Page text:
Things changed drastically when British Airways had to pay a fine of $230 million, the company was fined by the authorities when they discovered the Magecart group has been using card skimming scripts to steal their personal payment data. According to reports, the aforementioned group had scraped over 500,000 customers in just two weeks. During the investigation, authorities have also found that the cause of the breach was due to poor security arrangements at the company. They mentioned that certain processes and regulations in BA do not comply with the recommended data security standards.
4. Marriot International - Estimated Damage: $124 million
Marriot International also suffered a massive loss, and was fined $124 due to compromised personal information of over 500 million customers. The attackers have harvested payment information, names, addresses, phone numbers, email address, and passport details.
The ICO (Information Commissioner’s Office) said that the company failed to secure their system when it bought Starwood; wherein they could have done something more to prevent security breach. In an interview, Arne Sorenson, CEO of Marriot International, said that the company was disappointed with the decision and will contest the penalty. On top of that, Marriot was also fined $265,000 by the Turkish data protection authority for the breach.
5. Uber - Estimated Damage: $148 million
3 years ago, Uber also suffered a massive data breach compromising 600,00 drivers and over 57 million user accounts. Reports said that the company paid a sum of $100,000 to the perpetrators in exchange for not disclosing the hacking incident. In 2018, authorities have discovered the information and fined the company $148 million, which was the biggest data breach fine at that time.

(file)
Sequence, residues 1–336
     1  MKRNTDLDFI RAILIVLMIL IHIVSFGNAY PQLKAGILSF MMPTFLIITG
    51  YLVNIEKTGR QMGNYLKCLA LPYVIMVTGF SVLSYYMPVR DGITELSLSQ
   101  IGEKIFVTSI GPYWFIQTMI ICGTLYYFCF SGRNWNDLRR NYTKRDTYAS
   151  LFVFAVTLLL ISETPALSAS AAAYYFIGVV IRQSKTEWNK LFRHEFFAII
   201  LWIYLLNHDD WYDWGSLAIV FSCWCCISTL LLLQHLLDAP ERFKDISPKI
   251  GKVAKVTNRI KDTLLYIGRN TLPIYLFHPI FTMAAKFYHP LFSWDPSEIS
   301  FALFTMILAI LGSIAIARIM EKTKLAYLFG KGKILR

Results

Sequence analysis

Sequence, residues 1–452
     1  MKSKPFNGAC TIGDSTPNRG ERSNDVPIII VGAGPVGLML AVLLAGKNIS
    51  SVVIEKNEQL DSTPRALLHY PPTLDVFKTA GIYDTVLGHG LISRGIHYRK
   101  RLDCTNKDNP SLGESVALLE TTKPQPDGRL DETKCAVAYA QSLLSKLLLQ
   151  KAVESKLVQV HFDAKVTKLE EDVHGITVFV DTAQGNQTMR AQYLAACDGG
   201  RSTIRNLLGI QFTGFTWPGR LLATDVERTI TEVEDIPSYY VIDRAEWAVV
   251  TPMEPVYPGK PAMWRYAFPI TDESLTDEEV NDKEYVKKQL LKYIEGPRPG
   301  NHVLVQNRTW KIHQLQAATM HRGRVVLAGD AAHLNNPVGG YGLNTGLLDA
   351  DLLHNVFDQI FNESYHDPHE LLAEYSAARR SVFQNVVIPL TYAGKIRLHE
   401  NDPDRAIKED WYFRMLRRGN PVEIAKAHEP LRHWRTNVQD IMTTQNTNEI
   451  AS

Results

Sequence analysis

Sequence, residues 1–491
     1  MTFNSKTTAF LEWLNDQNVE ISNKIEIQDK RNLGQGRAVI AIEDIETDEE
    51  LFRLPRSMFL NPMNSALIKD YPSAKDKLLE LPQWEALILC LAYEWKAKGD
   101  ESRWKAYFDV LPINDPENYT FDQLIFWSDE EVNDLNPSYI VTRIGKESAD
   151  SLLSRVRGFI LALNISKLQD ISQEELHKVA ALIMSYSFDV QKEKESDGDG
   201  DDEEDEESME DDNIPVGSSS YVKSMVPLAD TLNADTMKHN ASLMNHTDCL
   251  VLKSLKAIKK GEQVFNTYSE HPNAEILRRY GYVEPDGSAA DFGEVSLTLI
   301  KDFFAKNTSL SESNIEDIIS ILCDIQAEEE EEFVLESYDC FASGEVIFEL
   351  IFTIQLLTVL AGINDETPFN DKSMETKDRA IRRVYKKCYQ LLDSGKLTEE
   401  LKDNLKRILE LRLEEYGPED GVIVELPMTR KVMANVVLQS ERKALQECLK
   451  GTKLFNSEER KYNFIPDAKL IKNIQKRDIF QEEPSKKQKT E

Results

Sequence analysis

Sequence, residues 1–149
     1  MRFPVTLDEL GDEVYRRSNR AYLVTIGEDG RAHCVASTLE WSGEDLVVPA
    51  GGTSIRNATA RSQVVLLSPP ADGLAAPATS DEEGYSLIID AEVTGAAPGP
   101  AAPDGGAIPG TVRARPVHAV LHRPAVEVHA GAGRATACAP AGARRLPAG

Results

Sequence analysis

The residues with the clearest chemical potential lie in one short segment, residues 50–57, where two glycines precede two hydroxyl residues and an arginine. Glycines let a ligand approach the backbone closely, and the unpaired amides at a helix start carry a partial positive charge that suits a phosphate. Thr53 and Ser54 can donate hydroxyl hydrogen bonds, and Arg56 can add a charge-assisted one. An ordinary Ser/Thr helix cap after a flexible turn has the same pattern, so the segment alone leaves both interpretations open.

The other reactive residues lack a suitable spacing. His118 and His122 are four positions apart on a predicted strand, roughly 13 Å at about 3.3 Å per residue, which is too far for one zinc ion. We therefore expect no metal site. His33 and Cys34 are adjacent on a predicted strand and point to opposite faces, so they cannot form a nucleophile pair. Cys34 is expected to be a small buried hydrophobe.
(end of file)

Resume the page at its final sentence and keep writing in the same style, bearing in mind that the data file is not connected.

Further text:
There are many other massive losses due to security breach involving big organizations and corporations. This includes Tesco Bank with over $21 million, retail giant Target with $18.5, and Jackson Health Center with $2.15 million.
These alarming figures only show how well-versed hackers and cybercriminals can be. In just split seconds, they can breach into your system, spread computer viruses and malware attacks, steal your information, and use them against you.
What can you do?
The best thing you can do to prevent these cyberattacks is to be cautious with your activities including browsing the Internet, connecting to a wiFi network, and making transactions online. Encrypt your data with unique passwords using different tools.
Update your Operation System (OS), apps, and security software. Consider equipping your device, apps, and other programs with biometric or multifactor authentication. For public networks, you may also try switching to VPN to secure your IP address.
For businesses and enterprises, take some time to check your policy for device usage in the office. Other than investing in comprehensive antivirus and anti-malware software, you should also have IT experts inspect every office hardware.
Finally, be careful what you click on in emails and on websites!